It is very unlikely that your child will be harmed from living with a household pet, but several common sense precautions are needed to protect a child with a low ANC from disease, worms, or infection:
• Make sure that the animal is vaccinated against all possible diseases.
• Have pets checked for worms as soon as possible after your child is diagnosed, and then every year thereafter (more often for puppies).
• Do not let pets eat off plates or lick your child's face.
• Keep children away from the cat litter box and any animal feces outdoors.
• Have children wash hands after playing with the pet.
• Make sure that your pet has no ticks or fleas.
• If you have a pet that bites or scratches, consider finding another home for it. On the other hand, if you have a gentle, well-loved pet, do not give it up.
I think parents should know that you should not automatically get rid of your dog because your child has a low ANC. We went through a small crisis trying to decide whether to give away our large but beloved mongrel. The doctors wouldn't really give us a straight answer, but a parent in the support group said, "DO NOT get rid of your dog. Your son will need that dog's love and company in the years ahead." She was right. The dog was a tremendous comfort to our son.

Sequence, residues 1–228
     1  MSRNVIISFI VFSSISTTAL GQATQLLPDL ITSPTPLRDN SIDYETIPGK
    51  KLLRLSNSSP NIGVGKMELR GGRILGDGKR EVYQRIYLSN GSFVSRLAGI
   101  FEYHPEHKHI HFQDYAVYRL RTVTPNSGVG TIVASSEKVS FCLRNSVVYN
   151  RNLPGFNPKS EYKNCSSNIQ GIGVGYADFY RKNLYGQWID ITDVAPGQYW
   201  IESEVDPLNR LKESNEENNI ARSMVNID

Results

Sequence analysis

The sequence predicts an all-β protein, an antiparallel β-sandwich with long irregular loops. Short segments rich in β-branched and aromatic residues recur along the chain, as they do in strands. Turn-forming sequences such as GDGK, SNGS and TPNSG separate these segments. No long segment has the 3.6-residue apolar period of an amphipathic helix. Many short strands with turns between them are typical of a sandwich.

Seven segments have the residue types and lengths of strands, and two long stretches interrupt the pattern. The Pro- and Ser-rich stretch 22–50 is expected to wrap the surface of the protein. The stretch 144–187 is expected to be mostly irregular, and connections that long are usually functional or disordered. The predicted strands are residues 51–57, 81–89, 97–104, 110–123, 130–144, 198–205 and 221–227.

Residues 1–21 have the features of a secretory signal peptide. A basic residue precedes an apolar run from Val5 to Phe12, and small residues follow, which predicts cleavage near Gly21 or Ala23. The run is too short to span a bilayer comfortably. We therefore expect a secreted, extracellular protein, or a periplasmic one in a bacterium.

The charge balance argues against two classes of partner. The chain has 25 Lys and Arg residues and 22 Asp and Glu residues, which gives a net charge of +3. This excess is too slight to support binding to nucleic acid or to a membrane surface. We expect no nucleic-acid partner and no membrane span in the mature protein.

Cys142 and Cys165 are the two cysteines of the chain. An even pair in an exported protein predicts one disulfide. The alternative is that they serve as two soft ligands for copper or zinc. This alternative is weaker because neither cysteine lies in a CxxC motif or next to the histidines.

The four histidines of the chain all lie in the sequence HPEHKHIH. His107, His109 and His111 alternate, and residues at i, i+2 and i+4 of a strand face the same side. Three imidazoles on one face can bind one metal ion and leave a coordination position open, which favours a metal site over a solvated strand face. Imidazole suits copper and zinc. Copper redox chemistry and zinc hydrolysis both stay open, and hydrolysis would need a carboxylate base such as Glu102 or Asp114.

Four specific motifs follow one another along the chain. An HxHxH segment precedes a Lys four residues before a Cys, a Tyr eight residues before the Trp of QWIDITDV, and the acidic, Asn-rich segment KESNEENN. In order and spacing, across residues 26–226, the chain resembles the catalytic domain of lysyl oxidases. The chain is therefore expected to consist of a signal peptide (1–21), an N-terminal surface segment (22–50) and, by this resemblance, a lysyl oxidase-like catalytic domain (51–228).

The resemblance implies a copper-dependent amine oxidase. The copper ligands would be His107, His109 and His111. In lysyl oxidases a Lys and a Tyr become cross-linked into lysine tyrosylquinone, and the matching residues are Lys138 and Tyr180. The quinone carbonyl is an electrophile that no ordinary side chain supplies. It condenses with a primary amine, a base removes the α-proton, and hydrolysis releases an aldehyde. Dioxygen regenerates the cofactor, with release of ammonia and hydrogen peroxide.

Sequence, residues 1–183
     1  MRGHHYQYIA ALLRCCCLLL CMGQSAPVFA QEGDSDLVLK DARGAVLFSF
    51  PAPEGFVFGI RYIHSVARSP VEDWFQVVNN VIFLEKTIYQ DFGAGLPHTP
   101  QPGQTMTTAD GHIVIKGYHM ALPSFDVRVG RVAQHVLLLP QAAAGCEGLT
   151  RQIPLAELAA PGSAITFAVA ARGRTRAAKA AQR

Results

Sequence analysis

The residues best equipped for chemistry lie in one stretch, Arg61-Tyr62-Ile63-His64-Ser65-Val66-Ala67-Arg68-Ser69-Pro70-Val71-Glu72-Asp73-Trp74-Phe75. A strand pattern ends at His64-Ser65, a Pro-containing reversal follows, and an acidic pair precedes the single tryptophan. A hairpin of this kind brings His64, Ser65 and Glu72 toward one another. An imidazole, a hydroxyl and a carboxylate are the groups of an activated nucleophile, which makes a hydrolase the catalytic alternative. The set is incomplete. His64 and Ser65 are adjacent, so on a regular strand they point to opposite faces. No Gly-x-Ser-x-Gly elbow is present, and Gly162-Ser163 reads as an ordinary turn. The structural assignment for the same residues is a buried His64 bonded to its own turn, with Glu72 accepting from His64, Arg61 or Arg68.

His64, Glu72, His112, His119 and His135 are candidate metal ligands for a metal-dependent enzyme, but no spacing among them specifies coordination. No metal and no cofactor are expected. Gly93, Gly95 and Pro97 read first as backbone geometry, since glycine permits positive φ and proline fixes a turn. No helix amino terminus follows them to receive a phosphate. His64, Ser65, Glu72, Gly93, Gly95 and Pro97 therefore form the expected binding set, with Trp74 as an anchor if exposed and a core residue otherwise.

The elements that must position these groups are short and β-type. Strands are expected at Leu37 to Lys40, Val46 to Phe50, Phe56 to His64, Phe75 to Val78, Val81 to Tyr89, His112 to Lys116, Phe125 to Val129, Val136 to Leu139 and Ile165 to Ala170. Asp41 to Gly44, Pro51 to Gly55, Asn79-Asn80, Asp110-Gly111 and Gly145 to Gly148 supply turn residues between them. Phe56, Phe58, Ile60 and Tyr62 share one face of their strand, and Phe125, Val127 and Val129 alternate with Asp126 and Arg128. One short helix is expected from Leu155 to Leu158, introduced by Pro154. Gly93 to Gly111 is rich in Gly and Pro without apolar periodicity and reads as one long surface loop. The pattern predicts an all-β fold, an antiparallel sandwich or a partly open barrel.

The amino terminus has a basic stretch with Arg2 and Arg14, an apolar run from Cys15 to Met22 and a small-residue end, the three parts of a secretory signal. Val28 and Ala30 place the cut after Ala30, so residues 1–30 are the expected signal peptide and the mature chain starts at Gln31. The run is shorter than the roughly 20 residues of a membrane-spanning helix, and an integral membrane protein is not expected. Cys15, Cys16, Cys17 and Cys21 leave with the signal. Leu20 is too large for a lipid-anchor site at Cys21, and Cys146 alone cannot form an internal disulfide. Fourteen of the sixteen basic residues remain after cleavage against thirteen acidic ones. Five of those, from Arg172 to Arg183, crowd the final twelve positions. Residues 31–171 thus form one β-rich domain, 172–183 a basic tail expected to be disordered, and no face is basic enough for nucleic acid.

If your child wants to buy a pet while undergoing treatment for cancer, here are some suggestions:
• Do not get a puppy. All puppies bite while teething, increasing the chance that your child may contract an infection.
• Do not get a parrot or parakeet as these species can transmit psittacosis.
• Do not get a turtle or other reptile (snake, iguana) as they sometimes carry salmonella.
• Avoid buying any animal that is likely to bite or scratch.
We bought Sarah an older puppy. We were very selective about the breeder and the breed. The dog has given my little girl back to me. After she got the dog, she started to want to walk again. She started to laugh. She had reason to think beyond herself and how terrible this illness is. She had someone who needed her. Someone who was delighted to see her and made her feel special in a way no human can. It literally transformed my child.
The dog's name is Libbe, and after having Libbe for about a week, Sarah started asking when Libbe was going to die. She knew Libbe was just a baby, a puppy, but she really was asking about herself. We were able to tell her that Libbe will be around when she is a teenager and she can take Libbe with her on those big-girl sleepovers. Heck, she could take Libbe in the car for a ride, if she wanted. She beamed. It put the death and dying issue to rest.
If you have any concerns or questions about pets you already own or are thinking of purchasing, ask your oncologist and vetrinarian for advice.
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